A passing comment recently made me think (yet again) about how difficult we find communicating a clear idea. The comment was about whether something wasn’t natural.
So I did a web search about the word ‘natural’ and was quite disappointed with the offerings, so just went to the dictionary. It had 18 meanings of the word ‘natural’, some of which don’t make entirely good logical sense and present a bit of a circular argument. It had 20 meanings of the word, ‘nature’.
However there wasn’t a clear definition for the natural as used by the comment which was about a science-fictional situation in which a man converted himself into an underwater creature. Thereby the comment, ‘that ain’t natural’. And I wondered about the usage which I have commonly heard for an action, usually an elite skill. Now the action does take place, so the meaning is not that it doesn’t exist in nature. Even in the sci-fi, the desire of the writer seems to be to impress upon us that it was a ‘real’ ‘existing’ thing. So why might we say something is not natural, even when we see it right before our eyes. Like a perfect 10 dive in the Olympic Games. So it seems we mostly means something out there at the small end of the bell curve or outside some normative situation. So when we create our identity in society, most of us must be trying to find a socially comfortable place, a place where most people exist. Or maybe we all want to be the king, but when it becomes clear that we won’t be the king, we put our efforts into being properly ordinary (even if with a few tickets on ourselves). Our sense of our being ordinary, therefore translates into the natural thing.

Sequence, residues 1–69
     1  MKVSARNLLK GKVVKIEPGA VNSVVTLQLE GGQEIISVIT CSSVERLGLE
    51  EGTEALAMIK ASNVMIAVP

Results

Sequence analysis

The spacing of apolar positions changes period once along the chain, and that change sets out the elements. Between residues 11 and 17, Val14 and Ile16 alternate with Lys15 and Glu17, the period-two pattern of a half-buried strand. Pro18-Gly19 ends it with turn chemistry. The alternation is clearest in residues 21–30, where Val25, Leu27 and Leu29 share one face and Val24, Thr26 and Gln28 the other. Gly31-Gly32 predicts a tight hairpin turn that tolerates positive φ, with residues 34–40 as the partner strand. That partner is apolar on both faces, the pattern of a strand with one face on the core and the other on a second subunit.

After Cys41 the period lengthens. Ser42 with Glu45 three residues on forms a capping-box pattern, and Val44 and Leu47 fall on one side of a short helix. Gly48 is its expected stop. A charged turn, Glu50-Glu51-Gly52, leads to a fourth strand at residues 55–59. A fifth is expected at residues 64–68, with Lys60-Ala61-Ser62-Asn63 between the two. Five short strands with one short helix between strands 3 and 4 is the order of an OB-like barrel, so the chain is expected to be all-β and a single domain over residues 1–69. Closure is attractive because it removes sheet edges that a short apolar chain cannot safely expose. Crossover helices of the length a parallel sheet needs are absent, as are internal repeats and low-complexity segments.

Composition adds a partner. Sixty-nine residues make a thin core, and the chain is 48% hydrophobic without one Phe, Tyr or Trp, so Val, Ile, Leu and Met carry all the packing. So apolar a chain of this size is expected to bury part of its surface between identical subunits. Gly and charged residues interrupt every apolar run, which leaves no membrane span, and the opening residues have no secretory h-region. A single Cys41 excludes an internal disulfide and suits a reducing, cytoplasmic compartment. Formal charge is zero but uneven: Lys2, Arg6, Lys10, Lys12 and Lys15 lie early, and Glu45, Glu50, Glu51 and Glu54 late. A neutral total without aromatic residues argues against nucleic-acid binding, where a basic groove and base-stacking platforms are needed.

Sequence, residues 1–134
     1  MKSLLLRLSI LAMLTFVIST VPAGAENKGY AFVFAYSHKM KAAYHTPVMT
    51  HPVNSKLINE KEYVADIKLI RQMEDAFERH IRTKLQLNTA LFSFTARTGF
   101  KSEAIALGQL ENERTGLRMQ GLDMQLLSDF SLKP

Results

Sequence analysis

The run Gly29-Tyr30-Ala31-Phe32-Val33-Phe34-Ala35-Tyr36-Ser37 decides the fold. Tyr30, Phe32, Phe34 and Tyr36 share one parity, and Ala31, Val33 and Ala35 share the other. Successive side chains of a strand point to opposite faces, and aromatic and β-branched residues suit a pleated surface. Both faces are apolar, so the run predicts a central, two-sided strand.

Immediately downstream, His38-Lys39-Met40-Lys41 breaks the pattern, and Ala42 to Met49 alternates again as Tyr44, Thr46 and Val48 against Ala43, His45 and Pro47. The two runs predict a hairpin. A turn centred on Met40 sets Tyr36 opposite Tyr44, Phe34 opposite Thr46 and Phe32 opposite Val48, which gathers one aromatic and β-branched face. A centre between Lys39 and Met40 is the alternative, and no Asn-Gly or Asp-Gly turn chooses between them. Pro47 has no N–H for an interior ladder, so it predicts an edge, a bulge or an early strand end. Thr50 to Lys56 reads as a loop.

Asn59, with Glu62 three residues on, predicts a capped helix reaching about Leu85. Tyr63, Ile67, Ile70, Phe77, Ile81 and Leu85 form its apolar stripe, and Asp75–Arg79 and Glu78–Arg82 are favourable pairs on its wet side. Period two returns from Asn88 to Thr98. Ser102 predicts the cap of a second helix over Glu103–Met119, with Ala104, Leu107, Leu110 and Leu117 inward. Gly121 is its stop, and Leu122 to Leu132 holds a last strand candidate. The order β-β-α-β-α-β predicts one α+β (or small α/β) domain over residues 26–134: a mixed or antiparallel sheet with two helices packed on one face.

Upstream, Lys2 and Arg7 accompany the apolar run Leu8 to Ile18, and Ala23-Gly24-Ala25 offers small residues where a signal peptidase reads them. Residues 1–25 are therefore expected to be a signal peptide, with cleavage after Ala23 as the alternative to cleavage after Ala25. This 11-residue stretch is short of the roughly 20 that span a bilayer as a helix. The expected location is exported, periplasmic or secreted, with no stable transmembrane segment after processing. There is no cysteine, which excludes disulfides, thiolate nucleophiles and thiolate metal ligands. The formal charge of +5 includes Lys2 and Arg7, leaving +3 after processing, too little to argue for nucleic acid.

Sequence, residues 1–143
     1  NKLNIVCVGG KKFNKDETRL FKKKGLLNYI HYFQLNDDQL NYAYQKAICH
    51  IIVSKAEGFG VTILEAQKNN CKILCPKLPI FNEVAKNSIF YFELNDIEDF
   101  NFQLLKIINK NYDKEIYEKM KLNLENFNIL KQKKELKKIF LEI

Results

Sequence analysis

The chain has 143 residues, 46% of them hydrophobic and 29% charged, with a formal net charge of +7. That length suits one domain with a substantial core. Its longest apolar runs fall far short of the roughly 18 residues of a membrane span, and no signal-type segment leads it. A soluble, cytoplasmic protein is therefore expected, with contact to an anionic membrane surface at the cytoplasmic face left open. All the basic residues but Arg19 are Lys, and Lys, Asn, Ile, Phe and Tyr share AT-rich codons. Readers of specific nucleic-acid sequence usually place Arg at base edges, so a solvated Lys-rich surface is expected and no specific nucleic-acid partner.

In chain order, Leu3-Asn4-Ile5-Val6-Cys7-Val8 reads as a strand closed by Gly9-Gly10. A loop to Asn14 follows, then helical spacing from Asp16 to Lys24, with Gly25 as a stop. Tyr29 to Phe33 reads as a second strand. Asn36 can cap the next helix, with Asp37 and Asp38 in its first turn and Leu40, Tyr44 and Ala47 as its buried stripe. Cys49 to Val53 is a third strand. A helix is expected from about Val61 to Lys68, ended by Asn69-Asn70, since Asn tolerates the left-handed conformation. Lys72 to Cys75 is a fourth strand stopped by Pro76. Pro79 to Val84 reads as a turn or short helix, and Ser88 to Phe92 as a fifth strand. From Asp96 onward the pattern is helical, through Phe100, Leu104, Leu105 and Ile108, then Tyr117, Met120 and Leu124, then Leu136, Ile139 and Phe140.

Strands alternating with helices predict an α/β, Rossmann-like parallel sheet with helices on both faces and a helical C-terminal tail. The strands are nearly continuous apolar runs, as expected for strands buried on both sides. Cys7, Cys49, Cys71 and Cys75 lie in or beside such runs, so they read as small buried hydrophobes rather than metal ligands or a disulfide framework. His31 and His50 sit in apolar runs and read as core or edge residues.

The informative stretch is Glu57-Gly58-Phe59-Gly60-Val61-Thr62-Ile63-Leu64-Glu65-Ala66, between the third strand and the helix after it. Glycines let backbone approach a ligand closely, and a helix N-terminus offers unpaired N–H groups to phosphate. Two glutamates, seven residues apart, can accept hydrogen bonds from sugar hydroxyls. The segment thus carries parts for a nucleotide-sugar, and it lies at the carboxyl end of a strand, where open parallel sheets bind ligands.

We probably have a tendency then, perhaps strongly at adolescence and young adult hood, to bounce off everyone around us in an effort to find whether our ideation at the time is picked up by others. If it is, we add it to our collection of ‘natural’. If it doesn’t, we add it to our collection of un-natural. If we have persuasive capabilities, we might become a setter of what is natural for others, and there acquiesence will reinforce for ourselves that we were correct to see the idea as ordinary, natural. And if we are insecure, we might find it in our interests to agree with the ideas of the big talkers, and thus accept that those ideas are ‘natural’. It seems that, if this situation is part of our ‘natural’ development, then society is always at risk of being sucked into a stagnation of social behaviour that follows the loudest talkers, often the traditionalists, but in this modern world, any audacious message boosted by media outlets.
Traditionalist voices of ‘natural’ is quite likely to stall the progress of society in ethics, social interactions, knowledge. The audacious voices of ‘natural’ may stall progress by simply having society turn very fast in limited circles, providing the impression of progress, but really just providing circuses. But there is a voice of ‘natural’ that, I think, is viable for progressive human society. It is the voice that says it is natural to learn, to care, to communicate, and competing to be the best at these things.